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I-Team Special Report: Shaken Baby Syndrome


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WICHITA, Kan. — April was Child Abuse Prevention Month but KAKE News is continuing the discussion this month, hoping to raise awareness.


Shaken Baby Syndrome is a form of abuse that's hard to quantify because so many cases go unreported.

Rarely do we see the aftermath of this act, but one mother hopes sharing her son's tragic story might help save others.

A baby's first step for most children is simply another milestone. But for one-year-old Gabriel, it's a goal many thought he would never accomplish.

"Any achievement for a child is awesome, but with him it's like overcoming Mount Everest," said Gabe's mother, Briana Stoner.

At three months old, Gabe became a victim of abusive head trauma - also known as Shaken Baby Syndrome.

"I just get flashbacks to seeing him so bruised, he was nothing but a bruise. Or seeing him so swollen I couldn't see his eyelashes," Stoner said. "No parent should have to see their child like that."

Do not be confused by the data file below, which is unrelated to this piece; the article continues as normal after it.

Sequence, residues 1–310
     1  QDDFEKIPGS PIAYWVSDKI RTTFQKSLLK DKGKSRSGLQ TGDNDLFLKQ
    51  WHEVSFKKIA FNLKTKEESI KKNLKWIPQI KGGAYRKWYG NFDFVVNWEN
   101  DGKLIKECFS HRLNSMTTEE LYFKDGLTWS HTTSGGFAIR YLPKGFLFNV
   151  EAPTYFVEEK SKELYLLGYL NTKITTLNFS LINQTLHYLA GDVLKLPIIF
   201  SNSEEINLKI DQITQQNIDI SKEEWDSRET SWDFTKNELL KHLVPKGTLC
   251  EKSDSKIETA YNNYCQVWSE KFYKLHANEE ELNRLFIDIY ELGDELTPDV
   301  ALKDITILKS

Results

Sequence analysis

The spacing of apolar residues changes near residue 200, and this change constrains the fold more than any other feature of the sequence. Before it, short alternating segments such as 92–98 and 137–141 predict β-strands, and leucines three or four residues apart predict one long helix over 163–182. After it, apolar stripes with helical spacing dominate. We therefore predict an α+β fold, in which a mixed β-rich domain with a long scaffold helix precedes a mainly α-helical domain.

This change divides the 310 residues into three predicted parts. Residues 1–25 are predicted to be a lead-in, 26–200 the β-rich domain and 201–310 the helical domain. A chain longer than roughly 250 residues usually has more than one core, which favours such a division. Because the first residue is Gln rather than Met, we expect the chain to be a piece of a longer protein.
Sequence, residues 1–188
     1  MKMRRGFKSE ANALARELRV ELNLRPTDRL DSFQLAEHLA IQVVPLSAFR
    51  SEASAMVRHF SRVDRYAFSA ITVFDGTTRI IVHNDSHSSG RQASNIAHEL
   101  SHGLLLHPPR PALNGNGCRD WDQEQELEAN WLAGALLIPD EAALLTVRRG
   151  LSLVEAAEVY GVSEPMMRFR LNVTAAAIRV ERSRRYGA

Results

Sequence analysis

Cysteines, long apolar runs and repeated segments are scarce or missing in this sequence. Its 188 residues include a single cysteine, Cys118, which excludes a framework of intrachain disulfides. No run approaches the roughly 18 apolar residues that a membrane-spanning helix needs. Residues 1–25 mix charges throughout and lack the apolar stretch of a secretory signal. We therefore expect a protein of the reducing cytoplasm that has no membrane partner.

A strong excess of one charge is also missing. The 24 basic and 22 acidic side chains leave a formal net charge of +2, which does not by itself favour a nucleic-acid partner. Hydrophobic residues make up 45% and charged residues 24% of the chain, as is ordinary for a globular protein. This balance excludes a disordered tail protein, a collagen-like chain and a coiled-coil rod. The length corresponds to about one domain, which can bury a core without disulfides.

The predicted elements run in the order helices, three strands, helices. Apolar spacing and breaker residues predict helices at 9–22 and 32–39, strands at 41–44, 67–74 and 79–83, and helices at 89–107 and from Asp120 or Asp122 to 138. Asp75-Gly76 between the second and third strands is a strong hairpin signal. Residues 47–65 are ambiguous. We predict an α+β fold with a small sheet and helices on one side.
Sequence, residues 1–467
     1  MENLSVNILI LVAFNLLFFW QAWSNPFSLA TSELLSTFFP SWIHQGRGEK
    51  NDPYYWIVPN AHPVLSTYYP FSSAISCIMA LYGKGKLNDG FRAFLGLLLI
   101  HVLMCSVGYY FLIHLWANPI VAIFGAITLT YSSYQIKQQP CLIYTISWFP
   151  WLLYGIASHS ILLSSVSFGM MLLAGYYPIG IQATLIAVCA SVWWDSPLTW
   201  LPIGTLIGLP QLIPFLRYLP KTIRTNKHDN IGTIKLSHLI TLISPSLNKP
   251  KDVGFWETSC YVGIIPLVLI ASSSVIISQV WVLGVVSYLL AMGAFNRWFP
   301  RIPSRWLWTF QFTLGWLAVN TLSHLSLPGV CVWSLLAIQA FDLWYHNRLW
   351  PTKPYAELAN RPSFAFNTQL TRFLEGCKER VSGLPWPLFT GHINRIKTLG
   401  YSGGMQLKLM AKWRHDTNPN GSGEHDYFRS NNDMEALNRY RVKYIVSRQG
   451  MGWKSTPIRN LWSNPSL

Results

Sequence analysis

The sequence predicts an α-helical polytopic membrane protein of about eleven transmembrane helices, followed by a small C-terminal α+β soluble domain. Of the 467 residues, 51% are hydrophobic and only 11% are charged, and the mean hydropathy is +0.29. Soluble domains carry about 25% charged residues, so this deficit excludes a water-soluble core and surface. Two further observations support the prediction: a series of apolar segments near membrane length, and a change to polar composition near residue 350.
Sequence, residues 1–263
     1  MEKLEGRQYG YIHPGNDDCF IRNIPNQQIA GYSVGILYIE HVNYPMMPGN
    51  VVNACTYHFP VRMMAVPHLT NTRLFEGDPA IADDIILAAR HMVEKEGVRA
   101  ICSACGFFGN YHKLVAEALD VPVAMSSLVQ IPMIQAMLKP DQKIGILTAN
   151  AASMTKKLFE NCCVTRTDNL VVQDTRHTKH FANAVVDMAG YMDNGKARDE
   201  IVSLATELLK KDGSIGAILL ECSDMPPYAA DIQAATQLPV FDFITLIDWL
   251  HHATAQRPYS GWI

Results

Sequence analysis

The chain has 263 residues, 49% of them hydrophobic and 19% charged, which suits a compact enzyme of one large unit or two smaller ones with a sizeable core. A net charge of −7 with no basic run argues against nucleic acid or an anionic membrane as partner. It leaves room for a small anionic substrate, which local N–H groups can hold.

A CT Scan revealed he had a subdural hematoma, as well as retinal bleeding and a liver laceration.

"They kept telling me he wouldn't make it overnight, he wouldn't make it the next couple of days, and he continued to fight and be strong and proved them all wrong," Stoner said.

Gabriel may have survived the abuse, but everyday he faces barriers and complications as a result. He wears a helmet to protect his fragile brain. He also has problems with his vision as well as a mild form of cerebral palsy. Because he is so developmentally delayed, he goes through extensive therapy.

"We work on lots of things," said Gabe's physical therapist, Pam Chiles. "We work on walking and talking and learning how to use objects in his world."

"They say shaking shatters lives and it's not just for a few months," she continued. "For Gabriel it will be a lifetime of struggles."

Sadly, Gabe is just one of many children living with these daily consequences.

"There was one study out of North Carolina that predicts that possibly three or four babies undergo this abuse every day in the United States," said Dr. Amy Seery, a pediatric physician.

Doctors say one of the most important steps in reducing these cases is prevention. For example, before patients leave the hospital at Via Christi, they watch a video teaching proper handling techniques.

"It's that rapid back-and-forth high velocity, or the forcefully setting a baby down rapidly that causes some of the more devastating injuries," Dr. Seery said.

That split-second decision left Gabe with a lifetime of struggles that he's now working to overcome, one step at a time.

Gabe's mother did not want to identify his abuser, but that person was ordered to serve just 60 days in jail followed by 36 months of supervision.


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